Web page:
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Jelly, jam, preserves, fruit butters and conserves, what is the difference?

While we all love grandma's canned jam, fruit preserves, or apple butter, did anyone know if it was technically a jam or a jelly?  I personally have always wondered what is the difference, and the same goes for all of Cherry Republic’s jellies, jams, preserves, fruit butters… and now our new conserve.

Jelly is made from a combination of sugar, pectin, acid (citric acid), and fruit juice, cooked together to become a clear fruit spread. The fruit juice is the key to the clear appearance.  While the juice from fresh fruit can be used, it must be strained to get all the chunks out (spoiler alert, if there are too many pieces of fruit it becomes jam). According to the FDA, jelly must contain at least 55% fruit juice. Cherry Republic’s Cherry Jelly is our most popular jelly.

Upside-Down-JamJam consists of crushed fruit cooked with sugar until the fruit loses its form and becomes soft. It tends to be more chunky because of how it is made (chock full of fruit). As the jam cooks, the water evaporates, so the jam thickens into the finished product that gets jarred. The sugar in jam recipes serves as the preservative in the whole process. There is a whole slew of FDA regulations that are used to make sure jams don’t get misclassified. We have several popular jams that are top sellers, such as our Cherry Jam, Cherry Berry Jam and Cherry Upside-Down Jam to name a few.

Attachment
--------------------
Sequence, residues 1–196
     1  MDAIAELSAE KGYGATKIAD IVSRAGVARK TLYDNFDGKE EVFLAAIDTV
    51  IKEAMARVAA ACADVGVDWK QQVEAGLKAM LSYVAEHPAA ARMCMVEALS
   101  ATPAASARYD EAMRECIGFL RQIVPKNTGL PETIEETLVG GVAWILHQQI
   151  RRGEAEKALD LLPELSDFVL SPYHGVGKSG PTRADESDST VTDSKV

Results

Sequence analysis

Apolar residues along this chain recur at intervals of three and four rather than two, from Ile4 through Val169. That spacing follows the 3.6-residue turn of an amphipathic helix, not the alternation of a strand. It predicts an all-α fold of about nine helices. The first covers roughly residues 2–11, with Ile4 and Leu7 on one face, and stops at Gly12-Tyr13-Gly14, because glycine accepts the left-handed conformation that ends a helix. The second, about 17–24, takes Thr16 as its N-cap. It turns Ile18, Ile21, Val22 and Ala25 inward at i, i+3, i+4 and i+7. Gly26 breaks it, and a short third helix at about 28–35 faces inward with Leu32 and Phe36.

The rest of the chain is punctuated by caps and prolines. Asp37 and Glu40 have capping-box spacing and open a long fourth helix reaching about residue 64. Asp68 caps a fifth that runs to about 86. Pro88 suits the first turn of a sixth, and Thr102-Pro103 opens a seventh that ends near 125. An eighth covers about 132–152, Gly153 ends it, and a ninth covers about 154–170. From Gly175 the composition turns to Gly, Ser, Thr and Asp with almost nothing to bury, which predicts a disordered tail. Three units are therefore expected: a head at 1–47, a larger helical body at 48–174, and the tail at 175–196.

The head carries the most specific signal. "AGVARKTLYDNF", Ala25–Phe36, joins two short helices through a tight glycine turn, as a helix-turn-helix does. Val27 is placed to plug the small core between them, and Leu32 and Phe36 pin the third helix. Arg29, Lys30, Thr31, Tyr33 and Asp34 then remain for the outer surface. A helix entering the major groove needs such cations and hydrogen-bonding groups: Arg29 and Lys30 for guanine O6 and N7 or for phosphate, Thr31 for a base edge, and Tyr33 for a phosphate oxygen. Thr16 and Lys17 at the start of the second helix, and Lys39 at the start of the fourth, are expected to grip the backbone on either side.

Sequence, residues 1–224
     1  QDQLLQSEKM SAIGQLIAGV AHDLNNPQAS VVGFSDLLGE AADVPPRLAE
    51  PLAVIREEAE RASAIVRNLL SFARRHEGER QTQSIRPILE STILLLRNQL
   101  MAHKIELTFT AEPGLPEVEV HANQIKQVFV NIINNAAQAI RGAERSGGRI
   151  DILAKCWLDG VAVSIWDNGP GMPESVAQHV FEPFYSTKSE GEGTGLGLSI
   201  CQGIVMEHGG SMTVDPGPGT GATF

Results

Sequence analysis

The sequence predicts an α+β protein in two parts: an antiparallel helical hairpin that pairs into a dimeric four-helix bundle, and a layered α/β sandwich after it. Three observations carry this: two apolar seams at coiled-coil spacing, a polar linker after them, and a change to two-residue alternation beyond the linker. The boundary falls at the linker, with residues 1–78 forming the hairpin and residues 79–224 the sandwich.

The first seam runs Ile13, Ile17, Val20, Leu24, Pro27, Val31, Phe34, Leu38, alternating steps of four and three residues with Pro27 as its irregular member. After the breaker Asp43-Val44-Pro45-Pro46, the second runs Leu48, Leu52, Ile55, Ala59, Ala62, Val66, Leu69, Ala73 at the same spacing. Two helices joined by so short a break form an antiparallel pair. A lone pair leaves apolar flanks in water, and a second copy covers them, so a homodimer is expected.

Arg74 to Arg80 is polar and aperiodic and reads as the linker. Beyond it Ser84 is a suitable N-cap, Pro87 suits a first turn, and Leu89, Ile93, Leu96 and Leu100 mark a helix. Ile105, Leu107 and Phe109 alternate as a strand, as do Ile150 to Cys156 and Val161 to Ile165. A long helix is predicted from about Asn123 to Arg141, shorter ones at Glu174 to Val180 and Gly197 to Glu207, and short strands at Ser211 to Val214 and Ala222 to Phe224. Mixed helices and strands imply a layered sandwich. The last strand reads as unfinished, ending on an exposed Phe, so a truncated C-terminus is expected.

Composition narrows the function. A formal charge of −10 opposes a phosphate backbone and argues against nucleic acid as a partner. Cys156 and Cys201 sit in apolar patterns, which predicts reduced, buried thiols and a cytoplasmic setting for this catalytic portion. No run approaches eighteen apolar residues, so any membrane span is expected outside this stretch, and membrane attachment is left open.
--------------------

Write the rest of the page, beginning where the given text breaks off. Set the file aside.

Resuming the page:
Preserves is a term that is a “catch all” for many preserved fruit spreads, including Cherry Republic’s  Spiced Cherry Preserves or  Cherry Strawberry Preserves. Really what it comes down to is that it's a sister of jam, but is simply chunks of fruit stored or preserved in their own juice, jelly, syrup, or water. Unlike jam, preserves should maintain its shape during the cooking process, and in the end the fruit should be tender and plump in form.

Fruit butters are unlike all the rest where it relies on the fruits natural body to create the thickness. The pureed fruit is cooked with sugar just like jam, but for a much longer time so the water evaporates even more to create the thickness. Fruits such as cherries, apples, apricots, grapes, peaches, pears, plums, and prunes lend themselves best for fruit butters.

Cherry-RhubarbConserves are made from a mixture of fruits, and is another close sister of jam. Where it differs is that it is a mixture of fruits, and can contain nuts or dried fruits that are then mixed in with sugar as the preservative. Conserves chunky appearance can be used as a spread, but is often used as a condiment for meats and cheeses.  Our new Cherry Mimosa Conserve is a great example.

Now that we all know a little more about the different types of fruit spreads, the next time Grandma spreads some of her delicious homemade cherry jelly onto your toast you can confidently pronounce “Grandma, this is really a jam.”